A few years ago, during The Great Turkey Road Trip, I collected photos of marble carvings and sculptures at early Christian sites near Roman and Greek ruins such as Heirapolis and Ephesus. The Christian church was very much in its infancy then, using architectural motifs and techniques taken from Roman temples. I found the workmanship fascinating, and also was surprised to realize that I was standing in a Turk-less Turkey. There were no Turks for the first few hundred years AD because they didn't exist yet.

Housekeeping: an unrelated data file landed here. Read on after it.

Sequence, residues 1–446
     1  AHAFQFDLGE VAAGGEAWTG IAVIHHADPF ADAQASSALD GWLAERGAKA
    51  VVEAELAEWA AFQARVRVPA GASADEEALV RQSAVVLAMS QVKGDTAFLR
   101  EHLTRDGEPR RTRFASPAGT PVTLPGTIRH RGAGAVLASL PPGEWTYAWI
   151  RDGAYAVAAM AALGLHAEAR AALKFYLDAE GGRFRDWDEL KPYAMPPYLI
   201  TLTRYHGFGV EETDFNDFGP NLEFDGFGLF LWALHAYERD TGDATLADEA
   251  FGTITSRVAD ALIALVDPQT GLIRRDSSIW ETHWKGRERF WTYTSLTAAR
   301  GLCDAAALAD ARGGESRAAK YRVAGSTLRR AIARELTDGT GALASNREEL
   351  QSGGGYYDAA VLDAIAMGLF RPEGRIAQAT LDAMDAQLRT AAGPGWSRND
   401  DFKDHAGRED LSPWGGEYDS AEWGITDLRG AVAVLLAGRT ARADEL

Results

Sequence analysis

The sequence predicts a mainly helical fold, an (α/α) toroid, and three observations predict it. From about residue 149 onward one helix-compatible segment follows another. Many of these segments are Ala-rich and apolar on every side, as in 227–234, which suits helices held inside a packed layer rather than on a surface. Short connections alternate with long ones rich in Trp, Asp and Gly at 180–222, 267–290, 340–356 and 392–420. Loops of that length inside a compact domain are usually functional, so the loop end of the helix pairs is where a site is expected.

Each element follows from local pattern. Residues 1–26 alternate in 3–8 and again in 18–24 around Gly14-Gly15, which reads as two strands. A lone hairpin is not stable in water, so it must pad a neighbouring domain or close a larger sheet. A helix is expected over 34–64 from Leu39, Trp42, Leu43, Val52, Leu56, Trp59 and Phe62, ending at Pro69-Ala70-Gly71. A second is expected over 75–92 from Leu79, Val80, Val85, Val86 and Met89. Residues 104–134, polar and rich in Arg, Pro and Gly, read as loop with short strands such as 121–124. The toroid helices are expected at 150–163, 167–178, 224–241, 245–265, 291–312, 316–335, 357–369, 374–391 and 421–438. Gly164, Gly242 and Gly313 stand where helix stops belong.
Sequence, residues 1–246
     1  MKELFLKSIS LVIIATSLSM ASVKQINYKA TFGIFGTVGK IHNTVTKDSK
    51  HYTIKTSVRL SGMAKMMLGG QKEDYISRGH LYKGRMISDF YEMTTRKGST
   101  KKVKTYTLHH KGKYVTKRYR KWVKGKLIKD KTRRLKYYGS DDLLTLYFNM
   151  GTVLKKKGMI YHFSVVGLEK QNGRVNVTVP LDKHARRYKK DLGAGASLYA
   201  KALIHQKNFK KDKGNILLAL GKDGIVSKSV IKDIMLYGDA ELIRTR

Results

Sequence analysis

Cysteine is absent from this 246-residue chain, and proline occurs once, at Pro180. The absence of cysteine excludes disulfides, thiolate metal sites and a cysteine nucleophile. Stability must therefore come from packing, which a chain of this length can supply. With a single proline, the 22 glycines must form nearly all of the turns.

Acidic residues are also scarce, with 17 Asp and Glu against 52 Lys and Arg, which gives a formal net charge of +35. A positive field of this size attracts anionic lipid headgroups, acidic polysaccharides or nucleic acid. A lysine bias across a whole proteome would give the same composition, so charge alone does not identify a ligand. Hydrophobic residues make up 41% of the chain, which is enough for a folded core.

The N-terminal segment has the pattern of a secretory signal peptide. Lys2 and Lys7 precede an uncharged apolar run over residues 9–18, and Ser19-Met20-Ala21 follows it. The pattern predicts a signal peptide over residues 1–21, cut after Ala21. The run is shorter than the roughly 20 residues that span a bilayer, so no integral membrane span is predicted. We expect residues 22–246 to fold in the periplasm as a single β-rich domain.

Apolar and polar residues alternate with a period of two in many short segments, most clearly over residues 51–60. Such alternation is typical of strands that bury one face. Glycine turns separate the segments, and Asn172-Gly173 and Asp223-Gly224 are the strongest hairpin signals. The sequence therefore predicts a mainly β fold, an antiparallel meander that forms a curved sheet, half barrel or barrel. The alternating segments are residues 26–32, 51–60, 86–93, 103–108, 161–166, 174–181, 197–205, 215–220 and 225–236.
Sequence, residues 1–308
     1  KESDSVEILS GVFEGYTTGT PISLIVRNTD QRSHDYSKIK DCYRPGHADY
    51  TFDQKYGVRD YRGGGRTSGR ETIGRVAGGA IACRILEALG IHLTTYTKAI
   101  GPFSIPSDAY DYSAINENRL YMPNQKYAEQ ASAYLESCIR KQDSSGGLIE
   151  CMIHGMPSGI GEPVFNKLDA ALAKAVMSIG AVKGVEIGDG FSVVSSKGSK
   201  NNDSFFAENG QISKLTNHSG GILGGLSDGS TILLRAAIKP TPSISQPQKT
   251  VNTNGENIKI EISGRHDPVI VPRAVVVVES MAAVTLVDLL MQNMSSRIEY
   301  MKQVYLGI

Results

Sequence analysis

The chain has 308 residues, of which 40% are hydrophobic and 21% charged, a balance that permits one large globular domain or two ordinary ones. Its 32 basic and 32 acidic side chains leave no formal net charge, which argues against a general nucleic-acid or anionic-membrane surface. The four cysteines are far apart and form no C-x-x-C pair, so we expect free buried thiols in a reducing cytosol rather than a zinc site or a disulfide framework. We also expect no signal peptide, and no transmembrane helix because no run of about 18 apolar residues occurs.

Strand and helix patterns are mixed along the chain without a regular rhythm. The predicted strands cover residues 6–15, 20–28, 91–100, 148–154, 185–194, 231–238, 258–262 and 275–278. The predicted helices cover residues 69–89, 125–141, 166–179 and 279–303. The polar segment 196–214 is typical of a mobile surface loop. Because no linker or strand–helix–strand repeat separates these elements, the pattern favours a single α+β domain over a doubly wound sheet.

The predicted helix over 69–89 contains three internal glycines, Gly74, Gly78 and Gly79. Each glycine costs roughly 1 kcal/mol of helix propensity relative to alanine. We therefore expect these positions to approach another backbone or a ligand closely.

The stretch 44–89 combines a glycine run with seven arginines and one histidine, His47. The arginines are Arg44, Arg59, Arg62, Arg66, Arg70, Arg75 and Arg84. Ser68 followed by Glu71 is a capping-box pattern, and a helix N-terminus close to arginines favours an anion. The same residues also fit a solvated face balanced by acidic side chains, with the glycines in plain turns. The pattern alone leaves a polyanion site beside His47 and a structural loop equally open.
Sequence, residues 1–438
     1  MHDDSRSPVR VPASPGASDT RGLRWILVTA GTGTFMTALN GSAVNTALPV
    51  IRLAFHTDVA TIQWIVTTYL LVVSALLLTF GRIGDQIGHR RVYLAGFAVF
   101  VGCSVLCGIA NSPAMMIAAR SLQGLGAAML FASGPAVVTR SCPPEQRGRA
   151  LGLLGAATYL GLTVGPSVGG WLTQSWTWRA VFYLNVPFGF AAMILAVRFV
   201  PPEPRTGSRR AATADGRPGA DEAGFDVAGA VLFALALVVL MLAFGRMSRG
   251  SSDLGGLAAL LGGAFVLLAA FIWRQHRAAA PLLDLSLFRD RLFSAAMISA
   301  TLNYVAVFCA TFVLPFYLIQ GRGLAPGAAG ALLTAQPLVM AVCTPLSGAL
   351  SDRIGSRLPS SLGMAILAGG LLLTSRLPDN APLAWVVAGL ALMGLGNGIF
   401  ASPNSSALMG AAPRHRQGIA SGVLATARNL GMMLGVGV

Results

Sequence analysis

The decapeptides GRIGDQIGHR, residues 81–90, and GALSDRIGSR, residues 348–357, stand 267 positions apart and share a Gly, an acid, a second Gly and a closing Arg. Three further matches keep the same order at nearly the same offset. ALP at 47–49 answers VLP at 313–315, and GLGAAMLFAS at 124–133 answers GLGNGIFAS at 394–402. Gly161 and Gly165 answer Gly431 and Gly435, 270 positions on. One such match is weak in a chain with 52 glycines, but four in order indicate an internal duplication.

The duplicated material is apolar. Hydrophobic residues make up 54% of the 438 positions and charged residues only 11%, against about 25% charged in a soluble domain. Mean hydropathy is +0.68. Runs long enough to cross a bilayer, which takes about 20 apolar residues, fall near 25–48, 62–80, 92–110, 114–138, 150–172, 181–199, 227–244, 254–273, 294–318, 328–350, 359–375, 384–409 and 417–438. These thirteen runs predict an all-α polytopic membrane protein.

Having spent time in Central Asia, where the precursors of modern Turkey hailed from, I wanted to express the overlapping demography of Turkey's history. So I marched myself down to the Grand Bazaar, found my ikat person, and bought some Central Asian silk ikats. This is a traditional style of weaving from Central Asia, which I use here to demonstrate the richness that comes from overlapping these two cultures: the Greco-Roman early Christian church, and the Seljuk settlers who arrived a few centuries later.